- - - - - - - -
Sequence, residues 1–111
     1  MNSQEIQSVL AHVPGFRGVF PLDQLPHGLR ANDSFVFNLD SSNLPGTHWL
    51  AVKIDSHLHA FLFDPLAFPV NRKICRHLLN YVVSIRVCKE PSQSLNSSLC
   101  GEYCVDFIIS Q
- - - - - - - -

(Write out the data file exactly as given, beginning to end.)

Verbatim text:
Sequence, residues 1–111
     1  MNSQEIQSVL AHVPGFRGVF PLDQLPHGLR ANDSFVFNLD SSNLPGTHWL
    51  AVKIDSHLHA FLFDPLAFPV NRKICRHLLN YVVSIRVCKE PSQSLNSSLC
   101  GEYCVDFIIS Q